Adventure is an old game and one that has been known by many names: ''Adventure'', “Colossal Cave”, and the simplistic abbreviation “Advent”. As games go, it is indeed a classic, having sparked an entirely new tangent of game development in the early days of the gaming industry. Its effects can still be felt today.
I sat down this morning to write a review of a game. At some point, I figured I'd tell about its strengths and weaknesses. In the end, I'd probably assign it a value in stars or thumbs or joysticks or some other arbitrary measurement of quality. However, assigning a letter of quality to this game is nearly as anachronistic as seeing The Illiad on Oprah's booklist; it is simply inappropriate and demeans the true quality of the work. So instead, I'm going to tell you what this game has meant to me, a little about where it came from, and how it shaped the Quake III world in which we live today. We've come a long way from the early days of text adventures—or have we?
It was 1989 and I was 10. The end of the eighties was upon us, and we all looked with trepidation to the coming decade and the closing years of our millennium. The Bangles played “Walk Like an Egyptian” to hordes of onlookers not interested in the nostalgia of the moment. The economy was in a deep recession, and with the Cold War and movies like War Games, people were naturally wary of what the coming years would bring. The Berlin Wall fell that year, and we all wondered what more the future would bring. Well, I didn't wonder. I was 10, what do you expect?
Instead, I was concentrating on my own life. Already the budding geek (before the term became a compliment), I went out and hunted my butterflies (tilted my windmills) and enjoyed life. I had a Commodore 64 at the time, and thought it was the coolest thing in the world, but it never affected me. It was fun, certainly. I knew how to program simple things in Basic. I could make balloons float around on the screen. I knew that if I typed “SYS 64738”, the whole thing would reboot. But it never grew beyond a tinker toy to me—it never awakened my inner geek.
That changed, of course. My father bought me a game package he had pulled from the bargain bin. It was a set of two 5.25-inch floppies from Broderbund (the covered wagon people) entitled “Golden Oldies Volume 1.” Loading it up, I was surprised to find a collection of four “classics” of the day: Adventure, Eliza, Life and Pong. My mother decided she liked Eliza the best and would continually attempt to convince the poor thing that she was a beach ball or something similar. I found my passion in Adventure, a little game that transported me into a world filled with scary little dwarves and myriad treasures, all for the taking, if the young spelunker was up to the challenge. Needless to say, I never beat the game. I rarely drew maps, and when I did, I routinely forgot which direction was east. I had managed to memorize a large portion of the game, but in retrospect I don't think I ever truly got it. Maybe it was because I was too busy experiencing the world to really want to win. (Or more likely, because I was young and stupid, but leave me to rose-tint my world however I want, please.) Eventually, my old copy of Adventure developed bad sectors and I put it to rest.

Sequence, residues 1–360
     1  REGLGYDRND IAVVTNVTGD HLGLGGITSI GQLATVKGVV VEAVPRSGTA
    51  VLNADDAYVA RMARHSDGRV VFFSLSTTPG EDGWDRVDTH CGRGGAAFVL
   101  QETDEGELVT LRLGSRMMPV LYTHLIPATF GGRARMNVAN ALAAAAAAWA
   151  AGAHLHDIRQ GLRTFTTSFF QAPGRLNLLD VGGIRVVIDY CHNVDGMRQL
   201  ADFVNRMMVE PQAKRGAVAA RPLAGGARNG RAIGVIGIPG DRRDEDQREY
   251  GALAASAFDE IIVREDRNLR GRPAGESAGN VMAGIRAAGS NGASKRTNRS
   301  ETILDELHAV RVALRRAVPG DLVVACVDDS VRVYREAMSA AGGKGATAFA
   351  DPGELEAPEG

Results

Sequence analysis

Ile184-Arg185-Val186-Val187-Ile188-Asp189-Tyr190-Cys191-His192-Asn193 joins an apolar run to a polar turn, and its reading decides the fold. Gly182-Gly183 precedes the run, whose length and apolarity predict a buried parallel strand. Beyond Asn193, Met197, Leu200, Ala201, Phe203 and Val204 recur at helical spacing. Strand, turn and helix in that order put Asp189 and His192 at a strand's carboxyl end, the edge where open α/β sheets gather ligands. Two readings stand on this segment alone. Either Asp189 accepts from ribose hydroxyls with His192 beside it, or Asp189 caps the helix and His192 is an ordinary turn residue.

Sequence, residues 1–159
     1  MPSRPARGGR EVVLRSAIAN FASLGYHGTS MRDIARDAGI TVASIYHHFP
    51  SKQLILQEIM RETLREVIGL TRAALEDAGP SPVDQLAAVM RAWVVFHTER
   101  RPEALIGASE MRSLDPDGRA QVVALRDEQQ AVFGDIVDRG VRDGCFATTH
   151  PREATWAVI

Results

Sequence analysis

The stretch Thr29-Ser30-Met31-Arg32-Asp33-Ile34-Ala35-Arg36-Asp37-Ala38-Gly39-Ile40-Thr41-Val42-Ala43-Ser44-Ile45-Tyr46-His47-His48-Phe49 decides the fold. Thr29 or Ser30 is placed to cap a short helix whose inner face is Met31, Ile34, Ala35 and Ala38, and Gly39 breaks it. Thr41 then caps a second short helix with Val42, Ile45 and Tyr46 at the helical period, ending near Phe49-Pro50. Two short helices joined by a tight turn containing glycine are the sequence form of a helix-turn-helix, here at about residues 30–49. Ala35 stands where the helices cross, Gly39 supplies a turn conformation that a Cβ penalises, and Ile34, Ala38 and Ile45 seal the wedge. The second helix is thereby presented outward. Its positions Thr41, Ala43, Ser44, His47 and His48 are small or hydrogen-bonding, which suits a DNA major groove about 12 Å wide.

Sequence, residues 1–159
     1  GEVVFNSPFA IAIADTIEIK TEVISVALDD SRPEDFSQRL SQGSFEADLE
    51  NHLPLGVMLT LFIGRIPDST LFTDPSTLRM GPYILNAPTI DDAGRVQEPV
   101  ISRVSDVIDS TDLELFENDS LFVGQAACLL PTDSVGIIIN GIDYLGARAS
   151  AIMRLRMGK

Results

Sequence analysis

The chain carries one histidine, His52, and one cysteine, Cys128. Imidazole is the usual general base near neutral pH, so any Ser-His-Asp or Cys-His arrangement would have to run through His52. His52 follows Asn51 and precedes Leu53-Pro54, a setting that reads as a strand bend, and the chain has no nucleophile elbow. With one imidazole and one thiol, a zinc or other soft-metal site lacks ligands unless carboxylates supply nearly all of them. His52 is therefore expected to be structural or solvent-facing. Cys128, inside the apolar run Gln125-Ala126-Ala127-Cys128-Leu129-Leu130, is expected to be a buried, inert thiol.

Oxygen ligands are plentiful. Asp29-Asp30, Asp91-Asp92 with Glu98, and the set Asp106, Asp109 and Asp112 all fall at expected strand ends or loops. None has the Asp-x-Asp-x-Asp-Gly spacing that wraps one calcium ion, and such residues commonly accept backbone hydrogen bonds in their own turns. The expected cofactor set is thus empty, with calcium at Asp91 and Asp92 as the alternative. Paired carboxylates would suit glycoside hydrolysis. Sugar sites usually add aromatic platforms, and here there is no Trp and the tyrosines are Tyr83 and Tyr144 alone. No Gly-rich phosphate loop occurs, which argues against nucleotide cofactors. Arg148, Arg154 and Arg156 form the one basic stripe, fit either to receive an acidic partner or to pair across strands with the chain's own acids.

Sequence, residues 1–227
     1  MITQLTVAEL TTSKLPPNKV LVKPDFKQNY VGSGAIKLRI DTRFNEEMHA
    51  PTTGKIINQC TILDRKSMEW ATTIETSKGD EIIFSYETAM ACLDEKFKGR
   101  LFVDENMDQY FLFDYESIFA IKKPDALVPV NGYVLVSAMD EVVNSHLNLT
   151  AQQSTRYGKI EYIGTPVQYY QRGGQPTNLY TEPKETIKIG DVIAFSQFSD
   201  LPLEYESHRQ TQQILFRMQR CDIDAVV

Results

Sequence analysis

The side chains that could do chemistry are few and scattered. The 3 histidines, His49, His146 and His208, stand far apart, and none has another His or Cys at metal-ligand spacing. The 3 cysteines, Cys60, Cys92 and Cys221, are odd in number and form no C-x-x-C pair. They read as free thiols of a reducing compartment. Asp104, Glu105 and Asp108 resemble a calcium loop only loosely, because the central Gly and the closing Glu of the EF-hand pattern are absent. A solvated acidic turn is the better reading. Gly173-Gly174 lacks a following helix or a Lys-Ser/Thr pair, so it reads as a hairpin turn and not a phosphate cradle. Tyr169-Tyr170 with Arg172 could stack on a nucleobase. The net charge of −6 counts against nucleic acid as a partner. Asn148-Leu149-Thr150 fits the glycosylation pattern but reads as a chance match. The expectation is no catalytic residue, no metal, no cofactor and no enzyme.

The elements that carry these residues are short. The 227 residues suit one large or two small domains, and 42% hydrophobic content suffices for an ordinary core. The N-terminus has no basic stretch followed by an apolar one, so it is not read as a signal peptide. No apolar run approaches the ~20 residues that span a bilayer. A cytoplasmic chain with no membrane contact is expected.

Several times later in life, I would rediscover these games I loved. I did eventually get to play Zork (a version of Adventure) for the Apple II, and found it richly gratifying, but too similar to the game I left behind. Other games I loved: King's Quest, Quest for Glory and the early Sierra masterpieces. Somehow, even with their fancy four-color pictures and their beeps, they never transported me to a world in the same way my first Adventure did. I rediscovered Adventure when I finally turned to the “dark side” and was given a 386 and a modem to play with. It was just as I remembered it, except free from a local BBS. I played and played and mapped it a little, but I still never beat it. Life had a tendency to intrude and I put it away again, a cherished childhood game to relive later.